22 July 2009

Pseudo-Blog Post

I've long had mixed feelings about advertising. Like anything that puts the world into a context, it's a legitimate form of art that can be surprising, funny, and moving. And yet I still don't want to buy your bullshit, you whorish corporate shill, please stop interrupting my programming with your sales routine. Whenever I see an ad I enjoy, I try to keep in mind what a college professor said about children's advertising - that it's one of the most evil things possible because kids have no defenses to it - and think about how that may or may not apply to advertising at large. Of course, as an artist, I'm sometimes called upon to pimp my own products. Those Ferraris aren't going to buy themselves.

There's also the matter of "selling out," whether it's for commercials or for an obviously terrible film project. I'm not one to begrudge someone in need of a check the right to appear in someone else's crap - hell, if Michael Bay walked up and offered me cash money to write Transformers 3: T&A Robot 'Splosions Epilepsy, I'd haul out my laptop and ask him how many Uncle Toms he'd like me to throw in - but I think we've become too tolerant of it as of late. An actor or musician looking for exposure and a bit of steady income shouldn't have to stay away from the corporate teat, but multimillion dollar stars worth more than African countries need to get Satan's pecker out of their mouths, pronto. Have some goddamn respect for yourselves and stop hawking dog piss Budweiser and appearing in High-Strung Neurotic Meets Easy-Going Free Spirit to the Nth Power.

All of which is an extremely muddled way of introducing what I really want to write about, three advertising figures that have become the bane of my television existence. I share these with you in an attempt to spread the pain, and exorcise the demons occupying my precious mental space.

The first one is the Six Flags Old Man. I first recall him appearing on the scene several years ago in a series of commercials in which he defied the laws of God and Nature by frenetically dancing as he loaded people onto Six Flags-destined buses to the turbulent cacophony of "We Like to Party." The Old Man didn't just dance, he constantly pistoned his arms and legs in a spastic display of undying energy, as if the Perpetual Motion Machine existed, and it was buried deep within his soul. But his inhuman dynamism wasn't what made him memorably creepy - it was the pounds of makeup slathered on his face in an attempt to hide the presumable youth of the performer playing him. This makeup only made him look like an aged Ken doll, a living and breathing embodiment of the Uncanny Valley.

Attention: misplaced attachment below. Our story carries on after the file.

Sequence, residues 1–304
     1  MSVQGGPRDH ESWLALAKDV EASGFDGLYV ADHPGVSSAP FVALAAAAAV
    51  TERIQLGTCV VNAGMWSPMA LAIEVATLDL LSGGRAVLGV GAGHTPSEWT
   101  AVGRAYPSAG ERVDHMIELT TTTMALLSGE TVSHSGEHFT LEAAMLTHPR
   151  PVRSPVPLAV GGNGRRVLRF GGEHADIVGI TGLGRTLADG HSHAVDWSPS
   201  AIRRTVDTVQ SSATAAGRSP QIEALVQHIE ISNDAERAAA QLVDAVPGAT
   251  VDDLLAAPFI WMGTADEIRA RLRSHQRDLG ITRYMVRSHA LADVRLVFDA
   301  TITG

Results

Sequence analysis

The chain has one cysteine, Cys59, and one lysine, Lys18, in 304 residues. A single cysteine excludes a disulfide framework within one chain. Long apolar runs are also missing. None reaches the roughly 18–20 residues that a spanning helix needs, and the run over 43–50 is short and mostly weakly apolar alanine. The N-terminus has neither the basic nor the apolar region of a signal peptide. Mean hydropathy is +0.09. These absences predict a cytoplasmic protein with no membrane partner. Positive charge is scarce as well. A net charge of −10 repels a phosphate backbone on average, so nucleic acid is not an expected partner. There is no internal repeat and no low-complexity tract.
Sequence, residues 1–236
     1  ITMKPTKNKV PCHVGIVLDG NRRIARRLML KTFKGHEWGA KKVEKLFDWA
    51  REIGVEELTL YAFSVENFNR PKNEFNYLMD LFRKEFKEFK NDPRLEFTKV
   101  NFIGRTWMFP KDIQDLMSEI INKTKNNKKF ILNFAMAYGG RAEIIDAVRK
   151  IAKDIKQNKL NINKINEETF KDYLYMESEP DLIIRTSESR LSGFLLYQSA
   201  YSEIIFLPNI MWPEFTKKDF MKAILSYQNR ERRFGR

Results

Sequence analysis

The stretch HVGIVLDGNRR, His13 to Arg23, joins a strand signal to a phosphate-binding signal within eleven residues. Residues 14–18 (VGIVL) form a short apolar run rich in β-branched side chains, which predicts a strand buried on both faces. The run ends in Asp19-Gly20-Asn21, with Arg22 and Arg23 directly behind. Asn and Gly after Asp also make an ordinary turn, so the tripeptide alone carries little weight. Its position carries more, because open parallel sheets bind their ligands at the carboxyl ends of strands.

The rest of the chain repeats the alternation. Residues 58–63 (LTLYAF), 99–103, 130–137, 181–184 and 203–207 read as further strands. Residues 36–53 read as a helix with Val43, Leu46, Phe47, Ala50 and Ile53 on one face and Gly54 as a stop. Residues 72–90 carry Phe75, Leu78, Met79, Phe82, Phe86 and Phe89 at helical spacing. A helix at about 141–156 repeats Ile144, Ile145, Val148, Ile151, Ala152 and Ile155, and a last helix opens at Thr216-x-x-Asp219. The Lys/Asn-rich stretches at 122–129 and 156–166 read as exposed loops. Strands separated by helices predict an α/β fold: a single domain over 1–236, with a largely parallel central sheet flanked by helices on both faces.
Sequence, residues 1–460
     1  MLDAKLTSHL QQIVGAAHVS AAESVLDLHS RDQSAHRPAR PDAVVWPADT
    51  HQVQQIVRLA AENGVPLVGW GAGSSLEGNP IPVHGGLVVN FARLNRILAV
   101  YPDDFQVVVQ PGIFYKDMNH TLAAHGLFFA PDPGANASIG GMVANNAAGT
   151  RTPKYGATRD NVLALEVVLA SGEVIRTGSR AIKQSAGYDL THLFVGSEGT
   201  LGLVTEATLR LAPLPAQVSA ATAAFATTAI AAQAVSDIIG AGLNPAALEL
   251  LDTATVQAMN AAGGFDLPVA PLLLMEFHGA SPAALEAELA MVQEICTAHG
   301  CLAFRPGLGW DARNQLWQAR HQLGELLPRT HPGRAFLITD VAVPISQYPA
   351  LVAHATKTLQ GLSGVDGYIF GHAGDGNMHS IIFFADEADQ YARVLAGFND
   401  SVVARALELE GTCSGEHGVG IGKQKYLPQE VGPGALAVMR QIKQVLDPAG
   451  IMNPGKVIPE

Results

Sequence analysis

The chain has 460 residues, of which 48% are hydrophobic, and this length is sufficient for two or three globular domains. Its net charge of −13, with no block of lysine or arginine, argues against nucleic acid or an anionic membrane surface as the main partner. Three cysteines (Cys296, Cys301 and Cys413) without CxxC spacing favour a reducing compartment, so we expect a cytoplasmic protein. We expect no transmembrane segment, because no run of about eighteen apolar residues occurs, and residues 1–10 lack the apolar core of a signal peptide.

The commercials gradually disappeared, and our moment of national crisis was put behind us. Until recently. For the ad wizards that conceived of this monstrosity thought, "Hey, everyone remembers Creepy Old Man! Let's bring him back!" And so they did.

When I first saw this commercial, I felt like running into my bedroom and barricading myself inside to keep out the bad man. I considered myself lucky if the only place he haunted me was my dreams. This new one is so much worse than the original. At least back then, the Old Man was kept at a safe distance. Here though, he's in our face, in a hideous close-up, causing babies to cry and dogs to piddle on the carpet. The effect is like the scene in Twilight Zone: The Movie when the gremlin's face appears right outside John Lithgow's window.

They also give him actual dialogue to say. His voice sounds unnatural, like an alien attempting to mimic human speech. Frankly, the only words I want to hear him say is "Six Flags is a hellscape where fun goes to die! What have I done with my life?" These words would, of course, proceed his suicide leap from the top of Batman: The Ride.

I liked him better when he played Junior Soprano

The next advertising figure that causes me to have panic attacks is the Axe Body Spray Chocolate Man. I find him horrifying because we see a regular guy spraying on Axe-brand Shitty Body Spray, which transforms him into a Chocolate Man. Once again, we have the problem of the Uncanny Valley - the set, rigid look of happiness and candor on this idiot's face is disconcertingly human yet robotically artificial. It's the same look a particularly stupid and sadistic torturer has as he lights up his victim's nutsack with electricity.